BB: And so we, we believe in hiring the best people, and getting out of their way means giving them enough time and space to try things so they can bring new things to the table. But we do that in a context of making sure everyone understands what the goals are, what the big picture is. So, the things we do, it isn't just experimentation, it's experimentation that we know implicitly, like, people on our team know I'm trying this because it can do this. And so, when we think about disruption, it starts out with giving the individual the latitude and freedom to experiment and try different things, and then to be able to bring that to the team. Because then we're able to, to whatever idea, uh, if someone comes to the table that says, “I've looked at this, this is how it relates to the big goal, why don't we try this?” Then we can all get behind it very quickly.
JS: Yeah, absolutely. Very good. Nice. So I think the question that everybody would love to ask you, given your insight on it – in your opinion, what's one of the most exciting disruptive technologies that's beginning to impact our lives, whether it's work related or personal?
BB: Sure. Um, well there's a couple of things to consider. I think we're seeing the…there will be a massive impact associated with this notion of security and privacy. I think that we have to balance out what is the value that is created by having devices know everything that you're doing. Because they know everything that you're doing, what, what becomes the privacy and security risks associated with that? So, I think there's going to be a lot of disruption, regulation that is not obvious to us, but is going to have a significant impact as, as we weigh the pros and cons of, of being sort of that connected to our devices and them knowing. Then there's a component of, um, there's this broad notion of IOT, which means there's lots of devices that measure lots of things that are happening, and everything's always connected.
So for example, if you have a connected home, right? If, if your doorbell knows it, first of all, you have a cam that someone's coming in, right? And then it triggers your phone, right? And then maybe if, if that person is your Amazon delivery person, they've got a special code to drop things into your household, right? And then, by the way, uh, and you've got something that when they drop it into your household, it notifies you, right? All right. And then, by the way... So, there's this whole notion of things sensing, right? These end points that have all sorts of devices that sense our movement, you know, that can send out alerts. And so, when you think about how that whole ecosystem starts evolving, the question is, what do you do with all that information, right?
That, that I think is going to be the disruption. The fact that we can sense and, and we have all these electronics – that's great. But the question is, the disruption is with all that information that is coming from all those end point devices that are connected, how does that make my life easier? Right? And so, embedded in that is the notion of, of sort of analytics and data. And I think, uh, I think we're just at the tip of the spear associated with the possibilities associated with that. I think the device manufacturers are way ahead of us in the ability to gather data, the ability to actually make my life easier.. That's a whole other matter right? Everyone gets enthralled with these devices, but is it making things better? And I think there's going to be a fundamental disruption in that. Then the third piece I think is going to be interesting is the whole, in the health tech kind of space.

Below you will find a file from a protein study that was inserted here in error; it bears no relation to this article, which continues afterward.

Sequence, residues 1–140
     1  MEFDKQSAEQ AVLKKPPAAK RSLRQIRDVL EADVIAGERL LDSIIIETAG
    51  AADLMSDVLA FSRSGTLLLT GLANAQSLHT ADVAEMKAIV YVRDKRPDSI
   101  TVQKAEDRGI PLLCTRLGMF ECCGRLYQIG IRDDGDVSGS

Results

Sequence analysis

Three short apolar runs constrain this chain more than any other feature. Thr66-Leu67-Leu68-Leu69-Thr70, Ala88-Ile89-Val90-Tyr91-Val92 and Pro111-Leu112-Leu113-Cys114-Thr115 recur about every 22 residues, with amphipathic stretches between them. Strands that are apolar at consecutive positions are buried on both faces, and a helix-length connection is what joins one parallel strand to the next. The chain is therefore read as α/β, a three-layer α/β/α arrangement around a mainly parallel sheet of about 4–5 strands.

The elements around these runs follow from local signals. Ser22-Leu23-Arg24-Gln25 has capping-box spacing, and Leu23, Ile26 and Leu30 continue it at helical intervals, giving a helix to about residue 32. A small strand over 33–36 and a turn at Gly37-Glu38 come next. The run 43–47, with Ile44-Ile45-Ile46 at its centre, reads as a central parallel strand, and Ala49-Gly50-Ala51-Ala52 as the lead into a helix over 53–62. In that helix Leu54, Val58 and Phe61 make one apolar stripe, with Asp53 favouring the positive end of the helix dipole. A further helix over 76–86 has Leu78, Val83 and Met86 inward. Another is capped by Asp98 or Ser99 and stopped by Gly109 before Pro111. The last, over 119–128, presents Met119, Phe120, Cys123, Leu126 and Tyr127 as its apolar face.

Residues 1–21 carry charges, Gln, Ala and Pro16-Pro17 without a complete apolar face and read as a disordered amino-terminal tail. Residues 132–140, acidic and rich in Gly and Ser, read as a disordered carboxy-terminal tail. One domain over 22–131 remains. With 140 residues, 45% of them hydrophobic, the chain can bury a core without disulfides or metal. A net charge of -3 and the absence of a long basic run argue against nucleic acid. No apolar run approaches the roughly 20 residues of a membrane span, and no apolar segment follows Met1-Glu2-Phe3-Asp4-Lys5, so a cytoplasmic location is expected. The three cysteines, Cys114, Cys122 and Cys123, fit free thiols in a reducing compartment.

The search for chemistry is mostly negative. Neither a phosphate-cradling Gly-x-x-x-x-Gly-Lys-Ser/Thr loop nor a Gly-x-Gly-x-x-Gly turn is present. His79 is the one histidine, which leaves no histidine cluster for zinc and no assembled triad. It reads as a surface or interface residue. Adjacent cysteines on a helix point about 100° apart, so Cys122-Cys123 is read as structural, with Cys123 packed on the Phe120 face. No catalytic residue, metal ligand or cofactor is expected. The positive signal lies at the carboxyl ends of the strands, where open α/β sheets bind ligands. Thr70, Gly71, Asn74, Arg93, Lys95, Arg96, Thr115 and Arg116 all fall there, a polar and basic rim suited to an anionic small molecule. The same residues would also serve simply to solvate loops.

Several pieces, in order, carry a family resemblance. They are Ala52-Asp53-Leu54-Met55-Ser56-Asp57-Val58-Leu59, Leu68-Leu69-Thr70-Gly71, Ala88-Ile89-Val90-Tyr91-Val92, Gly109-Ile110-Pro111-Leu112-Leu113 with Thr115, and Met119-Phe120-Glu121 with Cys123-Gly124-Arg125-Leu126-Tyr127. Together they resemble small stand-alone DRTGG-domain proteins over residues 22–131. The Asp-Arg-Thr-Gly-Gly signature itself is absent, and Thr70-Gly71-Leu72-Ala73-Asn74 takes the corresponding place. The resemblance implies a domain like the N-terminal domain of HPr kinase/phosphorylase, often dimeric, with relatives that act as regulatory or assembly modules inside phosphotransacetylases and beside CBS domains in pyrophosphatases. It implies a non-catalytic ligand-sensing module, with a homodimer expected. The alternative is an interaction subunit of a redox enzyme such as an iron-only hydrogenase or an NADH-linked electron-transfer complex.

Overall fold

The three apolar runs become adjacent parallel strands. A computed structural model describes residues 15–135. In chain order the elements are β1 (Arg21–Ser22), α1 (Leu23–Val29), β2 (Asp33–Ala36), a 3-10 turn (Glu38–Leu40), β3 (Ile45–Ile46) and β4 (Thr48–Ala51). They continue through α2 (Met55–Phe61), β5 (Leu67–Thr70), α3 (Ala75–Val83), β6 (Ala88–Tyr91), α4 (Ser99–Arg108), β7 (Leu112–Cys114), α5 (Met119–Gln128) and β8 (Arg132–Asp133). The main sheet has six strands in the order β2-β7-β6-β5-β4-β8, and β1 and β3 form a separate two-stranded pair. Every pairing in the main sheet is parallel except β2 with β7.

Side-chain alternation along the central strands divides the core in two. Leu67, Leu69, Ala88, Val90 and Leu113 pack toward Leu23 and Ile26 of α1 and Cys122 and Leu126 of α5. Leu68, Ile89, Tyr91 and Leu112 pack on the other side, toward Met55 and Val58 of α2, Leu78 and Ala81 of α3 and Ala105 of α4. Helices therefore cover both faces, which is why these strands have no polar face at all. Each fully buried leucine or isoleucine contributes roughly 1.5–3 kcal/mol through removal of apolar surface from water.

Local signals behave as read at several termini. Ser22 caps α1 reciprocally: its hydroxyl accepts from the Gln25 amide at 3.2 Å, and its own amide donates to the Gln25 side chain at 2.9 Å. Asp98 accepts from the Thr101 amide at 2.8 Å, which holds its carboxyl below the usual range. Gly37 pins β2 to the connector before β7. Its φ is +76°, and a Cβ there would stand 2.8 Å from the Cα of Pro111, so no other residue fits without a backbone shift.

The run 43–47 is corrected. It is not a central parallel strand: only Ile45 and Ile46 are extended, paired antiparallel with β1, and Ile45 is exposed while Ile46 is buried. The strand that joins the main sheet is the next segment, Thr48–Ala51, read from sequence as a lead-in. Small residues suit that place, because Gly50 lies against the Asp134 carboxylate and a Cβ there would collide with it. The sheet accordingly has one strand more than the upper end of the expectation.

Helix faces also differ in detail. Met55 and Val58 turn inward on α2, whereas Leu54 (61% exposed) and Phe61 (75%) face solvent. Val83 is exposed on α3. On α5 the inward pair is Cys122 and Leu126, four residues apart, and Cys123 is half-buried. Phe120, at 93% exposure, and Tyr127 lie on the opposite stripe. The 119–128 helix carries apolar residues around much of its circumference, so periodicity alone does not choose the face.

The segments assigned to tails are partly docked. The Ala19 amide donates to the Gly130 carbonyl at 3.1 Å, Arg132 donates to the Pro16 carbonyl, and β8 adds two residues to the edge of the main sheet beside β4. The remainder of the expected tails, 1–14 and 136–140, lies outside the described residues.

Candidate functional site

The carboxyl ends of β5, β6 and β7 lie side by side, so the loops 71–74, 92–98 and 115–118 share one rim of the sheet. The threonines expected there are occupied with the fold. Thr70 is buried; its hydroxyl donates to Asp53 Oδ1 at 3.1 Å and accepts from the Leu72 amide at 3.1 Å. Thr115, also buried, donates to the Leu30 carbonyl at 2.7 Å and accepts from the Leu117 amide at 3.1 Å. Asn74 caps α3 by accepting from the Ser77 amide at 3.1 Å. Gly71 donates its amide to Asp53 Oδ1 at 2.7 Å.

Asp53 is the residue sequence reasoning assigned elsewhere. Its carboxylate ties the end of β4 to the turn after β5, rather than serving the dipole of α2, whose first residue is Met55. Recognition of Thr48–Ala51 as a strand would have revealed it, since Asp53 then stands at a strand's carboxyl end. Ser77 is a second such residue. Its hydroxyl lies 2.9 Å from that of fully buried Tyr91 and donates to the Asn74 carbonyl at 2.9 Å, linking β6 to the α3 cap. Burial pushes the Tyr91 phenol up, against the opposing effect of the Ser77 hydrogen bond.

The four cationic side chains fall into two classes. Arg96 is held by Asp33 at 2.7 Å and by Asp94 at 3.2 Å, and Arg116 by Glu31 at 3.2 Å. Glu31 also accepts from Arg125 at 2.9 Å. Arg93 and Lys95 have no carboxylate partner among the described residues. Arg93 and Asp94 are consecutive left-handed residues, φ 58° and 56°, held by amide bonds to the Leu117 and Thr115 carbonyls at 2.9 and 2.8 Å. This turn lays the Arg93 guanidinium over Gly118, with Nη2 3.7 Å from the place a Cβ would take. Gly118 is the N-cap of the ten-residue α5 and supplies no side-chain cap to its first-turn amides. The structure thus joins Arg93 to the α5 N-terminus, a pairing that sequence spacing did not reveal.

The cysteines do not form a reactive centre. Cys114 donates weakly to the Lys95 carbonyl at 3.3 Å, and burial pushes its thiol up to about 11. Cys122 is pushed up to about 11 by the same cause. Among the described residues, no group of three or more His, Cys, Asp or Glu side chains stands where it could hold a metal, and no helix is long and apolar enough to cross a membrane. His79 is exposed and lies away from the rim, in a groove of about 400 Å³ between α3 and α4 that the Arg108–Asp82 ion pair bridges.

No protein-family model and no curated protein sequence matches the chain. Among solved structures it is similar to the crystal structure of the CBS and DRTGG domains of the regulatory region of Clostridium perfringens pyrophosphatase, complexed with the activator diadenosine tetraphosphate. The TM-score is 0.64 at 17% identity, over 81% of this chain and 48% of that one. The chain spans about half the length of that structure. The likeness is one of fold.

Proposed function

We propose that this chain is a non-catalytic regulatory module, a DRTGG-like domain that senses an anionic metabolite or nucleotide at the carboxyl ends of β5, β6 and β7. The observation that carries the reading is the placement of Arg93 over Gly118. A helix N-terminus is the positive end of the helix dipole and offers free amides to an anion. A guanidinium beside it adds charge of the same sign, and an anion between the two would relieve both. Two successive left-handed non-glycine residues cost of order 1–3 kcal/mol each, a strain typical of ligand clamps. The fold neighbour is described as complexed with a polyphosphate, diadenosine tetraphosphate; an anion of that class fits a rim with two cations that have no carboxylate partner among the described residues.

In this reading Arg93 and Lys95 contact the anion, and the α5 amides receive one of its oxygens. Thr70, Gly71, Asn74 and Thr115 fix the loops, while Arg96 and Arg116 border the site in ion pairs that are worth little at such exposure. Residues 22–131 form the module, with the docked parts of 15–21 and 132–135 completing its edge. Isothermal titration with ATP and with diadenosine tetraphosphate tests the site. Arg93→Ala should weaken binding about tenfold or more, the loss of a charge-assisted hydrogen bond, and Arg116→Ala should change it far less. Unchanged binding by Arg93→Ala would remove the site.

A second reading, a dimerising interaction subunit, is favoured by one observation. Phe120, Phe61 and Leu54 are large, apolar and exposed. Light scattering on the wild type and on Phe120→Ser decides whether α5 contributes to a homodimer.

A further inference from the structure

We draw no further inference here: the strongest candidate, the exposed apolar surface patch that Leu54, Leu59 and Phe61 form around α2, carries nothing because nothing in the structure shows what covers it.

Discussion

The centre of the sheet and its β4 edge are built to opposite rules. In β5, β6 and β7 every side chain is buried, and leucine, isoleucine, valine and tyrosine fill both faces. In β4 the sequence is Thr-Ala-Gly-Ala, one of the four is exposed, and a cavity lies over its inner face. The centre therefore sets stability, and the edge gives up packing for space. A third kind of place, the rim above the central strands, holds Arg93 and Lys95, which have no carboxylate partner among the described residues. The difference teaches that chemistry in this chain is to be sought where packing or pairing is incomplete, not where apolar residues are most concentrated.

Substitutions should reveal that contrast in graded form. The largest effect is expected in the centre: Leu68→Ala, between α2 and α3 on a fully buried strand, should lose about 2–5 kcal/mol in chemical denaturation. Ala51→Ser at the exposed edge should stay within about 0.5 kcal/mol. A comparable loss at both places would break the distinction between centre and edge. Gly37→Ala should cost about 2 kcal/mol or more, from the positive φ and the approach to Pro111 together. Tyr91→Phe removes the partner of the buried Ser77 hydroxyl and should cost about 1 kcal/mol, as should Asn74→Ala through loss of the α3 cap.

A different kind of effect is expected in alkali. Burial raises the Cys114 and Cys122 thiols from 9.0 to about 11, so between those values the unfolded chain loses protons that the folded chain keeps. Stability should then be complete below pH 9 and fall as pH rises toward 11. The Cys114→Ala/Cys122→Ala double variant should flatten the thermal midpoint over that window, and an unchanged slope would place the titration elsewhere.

JS: Yeah, for sure.
BB: There's two components. There's the, if we look at the, if you look at the healthcare system, you know, there's a lot of points of view that says it is ripe to take costs out of that system. Between, between the…there's technology associated with, with the clinical component that has to do with personalized medicine and understanding your DNA and how you interact with medicines and how you can start personalizing medicine for, so that you can just get the things that you need.
And then the other component of the whole system that says, you know, when we look at both the, um, the payment system, the insurance systems, the healthcare centers, I think we're going to see a lot more healthcare where healthcare is about you being able to stay at home and not actually go into a doctor.
JS: That's right, yeah.
BB: Because that fundamentally reduces the cost. So I think there's going to be huge disruptions in the healthcare, both in the healthcare system as well as the clinical that, once again, we're, we're just starting to, to understand. But I think a lot of that is, um, once you get it, it'll come back to it. There's a lot of data out there. And the question is, what insights can we get from all that data?
BB: So those are a couple of things that are some interesting disruptive technologies I think are out there.
JS: Great insights and at least two things that I heard:
a) No one is sneaking up on your house anytime soon and b) Uh, there's still a world of possibilities based on what we're learning as we go.